Stimulus specific of matrix metalloproteinase dependence of human T cell migration through a model basement membrane

Department of Medicine, University of California Medical Center, San Francisco 94143-0711, USA.
The Journal of Immunology (Impact Factor: 4.92). 02/1996; 156(1):160-7.
Source: PubMed


Chemotaxis of human T lymphoblastoma cells of the Tsup-1 line, which migrate similarly to blood T cells, through a layer of basement membrane-like Matrigel on a polycarbonate micropore filter was evoked by vasoactive intestinal peptide (VIP; concentration for a maximal response, 10(-7)M), IL-2 (10(-9)M), and the chemokines RANTES (10(-10)M) and macrophage inflammatory protein-1 alpha (10(-10)M). Chemotactic concentrations of each factor increased Tsup-1 cell secretion of matrix metalloproteinase-9 (MMP-9), with significant responses by 4 h for VIP, IL-2, and IL-4, but only after 24 h for macrophage inflammatory protein-1 alpha and RANTES, as quantified by Western blots and zymography. 3H-Labeled type IV human collagen incorporated in the Matrigel layer was degraded by migrating Tsup-1 cells, as assessed by release of radioactive fragments of the collagen. The in situ degradation of type IV collagen in Matrigel by migrating Tsup-1 cells was enhanced most significantly by VIP, IL-2, and IL-4 after 4 h at concentrations that increased the secretion of MMP-9 optimally, but only after 24 h by macrophage inflammatory protein-1 alpha and RANTES. The specific MMP inhibitor GM6001 suppressed Tsup-1 cell MMP activity evoked by all stimuli, as determined by zymography and in situ degradation of 3H-Labeled type IV human collagen. The chemotactic migration of Tsup-1 cells through Matrigel, but not through a filter alone, in response to optimal concentrations of VIP, IL-2, and IL-4, but not the chemokines, was inhibited by GM6001, with a concentration dependence similar to that for suppression of MMP activity. Thus elicitation of T cell chemotactic migration through a model basement membrane by stimuli that increase MMP activity early in the response depends on degradation of matrix proteins by MMP, whereas stimuli that recruit MMP late may rely on early activation of other proteases.

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    • "The rat NK cell line RNK-16 has also been used to study the role of MMPs in NK cell migration and both GM6001 and BB94 inhibited their migration through Matrigel by approximately 50% [9, 44]. Likewise, invasion through Matrigel by T cells (both freshly isolated and cell lines) is facilitated by MMPs, since treatment with GM6001 or BB94 can reduce invasion by 30%–70% [14, 23, 24, 45]. Migration of T cells may also be reduced using selective gelatinase inhibitors in experimental models of inflammation [29]. "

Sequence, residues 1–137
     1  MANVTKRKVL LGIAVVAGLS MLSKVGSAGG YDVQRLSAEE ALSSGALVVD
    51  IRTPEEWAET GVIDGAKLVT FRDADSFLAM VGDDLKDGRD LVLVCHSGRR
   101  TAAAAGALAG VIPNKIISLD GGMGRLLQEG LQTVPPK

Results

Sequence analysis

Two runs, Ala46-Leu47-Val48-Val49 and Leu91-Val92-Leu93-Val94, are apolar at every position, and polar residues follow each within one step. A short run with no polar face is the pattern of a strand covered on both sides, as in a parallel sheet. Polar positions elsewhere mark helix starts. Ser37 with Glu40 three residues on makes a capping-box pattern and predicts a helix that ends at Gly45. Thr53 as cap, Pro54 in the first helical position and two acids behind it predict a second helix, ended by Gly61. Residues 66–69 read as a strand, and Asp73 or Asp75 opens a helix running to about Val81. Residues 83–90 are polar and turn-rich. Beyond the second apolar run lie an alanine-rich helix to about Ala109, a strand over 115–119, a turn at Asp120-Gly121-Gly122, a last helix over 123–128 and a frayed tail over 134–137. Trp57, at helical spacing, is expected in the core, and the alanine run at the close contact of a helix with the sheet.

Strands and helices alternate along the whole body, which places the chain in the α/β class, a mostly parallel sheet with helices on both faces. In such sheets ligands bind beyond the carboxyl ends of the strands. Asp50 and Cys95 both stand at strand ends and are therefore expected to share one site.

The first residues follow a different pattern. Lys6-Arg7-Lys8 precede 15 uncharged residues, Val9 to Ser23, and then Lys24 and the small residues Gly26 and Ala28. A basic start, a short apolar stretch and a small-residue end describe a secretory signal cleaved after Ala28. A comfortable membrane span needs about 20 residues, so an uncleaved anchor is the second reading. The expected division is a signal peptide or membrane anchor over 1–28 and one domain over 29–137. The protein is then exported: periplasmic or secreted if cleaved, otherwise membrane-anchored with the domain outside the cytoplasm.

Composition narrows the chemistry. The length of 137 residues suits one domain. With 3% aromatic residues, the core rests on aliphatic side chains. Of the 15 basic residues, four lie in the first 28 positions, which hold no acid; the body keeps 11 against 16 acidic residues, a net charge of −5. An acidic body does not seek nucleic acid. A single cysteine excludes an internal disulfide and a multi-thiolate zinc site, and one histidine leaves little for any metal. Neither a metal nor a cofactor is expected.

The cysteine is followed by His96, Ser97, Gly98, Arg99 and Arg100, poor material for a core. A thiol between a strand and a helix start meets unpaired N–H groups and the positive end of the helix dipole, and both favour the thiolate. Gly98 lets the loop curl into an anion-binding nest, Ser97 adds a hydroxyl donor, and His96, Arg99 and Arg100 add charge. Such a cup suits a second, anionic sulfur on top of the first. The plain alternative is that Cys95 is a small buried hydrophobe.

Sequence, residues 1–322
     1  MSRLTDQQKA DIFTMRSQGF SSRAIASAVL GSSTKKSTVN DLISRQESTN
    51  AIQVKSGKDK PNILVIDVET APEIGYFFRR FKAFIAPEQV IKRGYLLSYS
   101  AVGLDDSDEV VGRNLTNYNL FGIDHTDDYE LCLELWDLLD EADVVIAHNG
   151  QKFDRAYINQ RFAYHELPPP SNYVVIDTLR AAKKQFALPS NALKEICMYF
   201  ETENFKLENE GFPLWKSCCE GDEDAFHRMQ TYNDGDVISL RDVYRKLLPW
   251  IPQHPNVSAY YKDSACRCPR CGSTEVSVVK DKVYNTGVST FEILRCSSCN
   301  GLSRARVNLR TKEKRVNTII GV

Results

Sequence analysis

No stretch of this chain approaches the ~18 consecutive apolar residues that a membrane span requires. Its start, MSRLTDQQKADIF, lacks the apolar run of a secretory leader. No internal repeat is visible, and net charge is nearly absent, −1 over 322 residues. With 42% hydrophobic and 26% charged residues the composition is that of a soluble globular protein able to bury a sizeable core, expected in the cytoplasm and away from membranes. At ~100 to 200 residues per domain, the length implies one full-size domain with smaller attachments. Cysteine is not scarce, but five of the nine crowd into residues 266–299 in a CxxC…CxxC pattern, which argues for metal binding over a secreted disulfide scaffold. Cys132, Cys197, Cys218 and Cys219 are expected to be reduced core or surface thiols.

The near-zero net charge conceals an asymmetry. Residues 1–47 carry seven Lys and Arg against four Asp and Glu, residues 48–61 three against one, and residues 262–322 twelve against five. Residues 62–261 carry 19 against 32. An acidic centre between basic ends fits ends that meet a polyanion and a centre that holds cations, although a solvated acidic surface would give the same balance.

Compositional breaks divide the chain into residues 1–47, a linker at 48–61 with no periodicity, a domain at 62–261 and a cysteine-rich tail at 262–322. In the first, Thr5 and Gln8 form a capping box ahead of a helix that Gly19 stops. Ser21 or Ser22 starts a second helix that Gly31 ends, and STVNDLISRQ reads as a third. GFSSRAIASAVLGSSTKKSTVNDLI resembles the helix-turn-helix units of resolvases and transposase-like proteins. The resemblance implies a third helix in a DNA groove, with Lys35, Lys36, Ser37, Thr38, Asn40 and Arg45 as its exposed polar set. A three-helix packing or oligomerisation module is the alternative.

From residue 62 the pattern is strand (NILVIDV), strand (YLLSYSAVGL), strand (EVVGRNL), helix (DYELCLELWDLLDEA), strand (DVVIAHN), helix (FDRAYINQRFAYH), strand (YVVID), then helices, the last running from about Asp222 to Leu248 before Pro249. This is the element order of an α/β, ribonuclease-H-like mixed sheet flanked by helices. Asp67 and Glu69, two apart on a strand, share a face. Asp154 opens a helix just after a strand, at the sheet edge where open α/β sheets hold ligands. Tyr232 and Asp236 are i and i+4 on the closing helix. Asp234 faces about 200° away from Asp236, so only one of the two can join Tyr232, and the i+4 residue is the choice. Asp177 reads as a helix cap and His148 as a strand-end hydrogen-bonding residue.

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    ABSTRACT: To efficiently combat solid tumours, endogenously or adoptively transferred cytotoxic T cells and natural killer (NK) cells, need to leave the vasculature, traverse the interstitium and ultimately infiltrate the tumour mass. During this locomotion and migration in the three dimensional environment many obstacles need to be overcome, one of which is the possible impediment of the extracellular matrix. The first and obvious one is the sub-endothelial basement membrane but the infiltrating cells will also meet other, both loose and tight, matrix structures that need to be overridden. Matrix metalloproteinases (MMPs) are believed to be one of the most important endoprotease families, with more than 25 members, which together have function on all known matrix components. This review summarizes what is known on synthesis, expression patterns and regulation of MMPs in cytotoxic lymphocytes and their possible role in the process of tumour infiltration. We also discuss different functions of MMPs as well as the possible use of other lymphocyte proteases for matrix degradation.
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    • "attention so far has focused on MMP-2 and -9, enzymes capable of degrading basement-membrane type IV collagen (Murphy et al, 1982, 1991; Hauzenberger et al, 1999; Amano et al, 2001). T cells can produce these two enzymes and the proposed role of both in the collagen degradation required for cell migration has been supported by in vitro experiments (Leppert et al, 1995; Menhang et al, 1996; Esparza et al, 1999). Normal and certain malignant B-cell types can also produce MMP-9 (Stetler- Stevenson et al, 1997; Girolamo et al, 1998; Trocme et al, 1998; Gaudin et al, 2000; Vacca et al, 2000) and sometimes also MMP-2 (Vacca et al, 2000). "
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    • "The recruitment of leukocytes into a site of tissue damage depends on their activation by cytokines and mobility through the endothelial barrier and the extracellular matrix with contemporary expression of adhesion molecules and matrix-degrading enzymes such as matrix metalloproteinase (MMPs) [6]. The aim of this work was to quantify the effects of oxidation in orthopedic UHMWPE on PBMCs viability and MMPs release in order to clarify the tissue response to oxidized polymeric biomaterial. "
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